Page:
• Federal Reserve Announces Q4: As widely expected, the Federal Reserve announced that it would implement QE4, a further round of monetary easing. The Fed is hoping that this step will bolster the US economy, which is recovering more slowly than expected. Under Q4, the Fed will purchase 45 billion dollars per month in Treasury holdings. This is in addition to the $40 billion that the Fed has been buying in mortgage backed securities under Q3. Operation Twist, in which the Fed swapped short-term Treasuries for longer term U.S. government debt, will be phased out at the end of December. The Federal Reserve also announced that it will maintain the benchmark interest rate at 0%-0.25%. The currency markets reacted quickly after Q4, and the dollar was broadly weaker against the major currencies, with the euro making some gains against the greenback.
  • ECB to Supervise Eurozone banks: European finance ministers reached a deal on Thursday, whereby the ECB  will become the  single supervisor  for the 200 largest banks  in the Eurozone. The move aims to achieve closer financial integration and help protect the euro from future financial crises, which have rocked the Eurozone. Under the agreement, struggling banks would be able to receive emergency funds directly from the ESM. If all goes smoothly, the ECB should begin its new role no later than January 2014.
  • Eurozone numbers a mixed bag: Eurozone numbers continue to zigzag, making predictions about the direction and health of the zone a tricky task. Earlier in the week, German and Euro-zone Economic Sentiment releases looked sharp, a both indices crossed into positive territory, indicating positive sentiment. However, French, Italian and Eurozone Industrial Production were all well below the forecast, pointing to ongoing weakness in the manufacturing sector. As well German Flash Manufacturing PMI fell below the estimate, and continues to point to contraction. With countries like Greece, Italy and Spain all struggling, the Eurozone’s road to recovery promises be a bumpy one.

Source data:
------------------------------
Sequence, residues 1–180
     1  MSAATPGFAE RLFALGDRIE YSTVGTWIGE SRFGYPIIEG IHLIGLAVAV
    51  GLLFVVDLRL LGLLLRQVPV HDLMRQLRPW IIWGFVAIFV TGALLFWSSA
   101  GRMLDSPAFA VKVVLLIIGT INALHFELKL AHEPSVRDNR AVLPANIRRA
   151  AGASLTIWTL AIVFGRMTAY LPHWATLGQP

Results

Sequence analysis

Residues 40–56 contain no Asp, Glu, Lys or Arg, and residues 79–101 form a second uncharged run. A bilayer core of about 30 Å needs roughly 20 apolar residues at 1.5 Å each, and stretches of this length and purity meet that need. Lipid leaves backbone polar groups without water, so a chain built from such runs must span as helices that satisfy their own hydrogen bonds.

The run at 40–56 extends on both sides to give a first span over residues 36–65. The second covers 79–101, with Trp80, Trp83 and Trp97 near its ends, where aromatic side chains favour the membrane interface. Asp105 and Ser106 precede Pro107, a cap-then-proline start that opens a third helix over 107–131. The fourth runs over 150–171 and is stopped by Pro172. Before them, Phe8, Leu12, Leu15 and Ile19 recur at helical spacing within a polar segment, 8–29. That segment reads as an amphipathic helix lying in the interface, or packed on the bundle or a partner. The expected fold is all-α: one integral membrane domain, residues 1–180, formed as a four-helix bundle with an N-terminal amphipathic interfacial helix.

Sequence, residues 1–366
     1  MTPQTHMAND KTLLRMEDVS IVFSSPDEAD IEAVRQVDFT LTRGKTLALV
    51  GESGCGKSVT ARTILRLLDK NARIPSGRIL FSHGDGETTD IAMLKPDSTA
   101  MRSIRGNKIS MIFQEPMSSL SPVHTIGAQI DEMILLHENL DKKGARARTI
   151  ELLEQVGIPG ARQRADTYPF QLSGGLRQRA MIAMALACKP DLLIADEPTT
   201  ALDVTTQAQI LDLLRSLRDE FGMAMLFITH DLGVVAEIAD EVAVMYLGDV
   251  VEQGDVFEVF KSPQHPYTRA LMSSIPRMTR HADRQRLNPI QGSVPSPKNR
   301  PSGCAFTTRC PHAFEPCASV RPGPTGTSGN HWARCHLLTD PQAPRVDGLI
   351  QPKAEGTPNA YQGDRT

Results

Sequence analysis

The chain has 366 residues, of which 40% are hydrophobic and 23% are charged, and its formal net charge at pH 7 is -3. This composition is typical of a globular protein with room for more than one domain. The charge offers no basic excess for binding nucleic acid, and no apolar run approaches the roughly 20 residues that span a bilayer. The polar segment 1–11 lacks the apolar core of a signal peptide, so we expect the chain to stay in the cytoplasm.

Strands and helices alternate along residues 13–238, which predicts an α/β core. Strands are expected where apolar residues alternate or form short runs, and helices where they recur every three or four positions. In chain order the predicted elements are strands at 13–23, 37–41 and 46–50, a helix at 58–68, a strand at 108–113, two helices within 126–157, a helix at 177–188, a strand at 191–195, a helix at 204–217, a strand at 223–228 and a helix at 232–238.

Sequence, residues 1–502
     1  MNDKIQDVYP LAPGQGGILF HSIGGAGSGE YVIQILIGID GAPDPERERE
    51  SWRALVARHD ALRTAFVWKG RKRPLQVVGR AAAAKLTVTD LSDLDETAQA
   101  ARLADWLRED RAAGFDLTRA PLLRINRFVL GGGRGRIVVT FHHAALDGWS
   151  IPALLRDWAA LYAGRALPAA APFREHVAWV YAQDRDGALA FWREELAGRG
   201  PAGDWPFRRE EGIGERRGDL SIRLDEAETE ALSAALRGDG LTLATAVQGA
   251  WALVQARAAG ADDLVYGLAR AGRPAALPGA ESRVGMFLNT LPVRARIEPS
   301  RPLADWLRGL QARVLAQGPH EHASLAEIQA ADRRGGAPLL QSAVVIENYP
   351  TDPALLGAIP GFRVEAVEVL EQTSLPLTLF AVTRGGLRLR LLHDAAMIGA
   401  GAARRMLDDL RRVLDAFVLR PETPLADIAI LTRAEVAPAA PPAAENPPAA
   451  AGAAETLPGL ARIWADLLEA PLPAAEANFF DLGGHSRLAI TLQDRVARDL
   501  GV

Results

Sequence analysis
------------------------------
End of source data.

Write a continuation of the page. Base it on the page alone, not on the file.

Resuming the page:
• Sides remain far apart over fiscal cliff: Republicans and Democrats continue to bicker and trade accusations as the fiscal cliff crisis continues. The Democrats have lowered their demand for $1.6 trillion in additional taxes to $1.4 trillion, but the Republicans have offered just $800 billion in new tax revenue. The Republicans want more spending cuts and tax reform measures, while the Democrats are pushing for tax hikes on the wealthy. We can expect the squabbling to continue, but in the end, some compromise or stop-gap measure is likely to be reached.

Kenny Fisher

Kenny Fisher

Kenny Fisher - Senior Writer A native of Toronto, Canada, Kenneth worked for seven years in the marketing and trading departments at Bendix, a foreign exchange company in Toronto. Kenneth is also a lawyer, and has extensive experience as an editor and writer.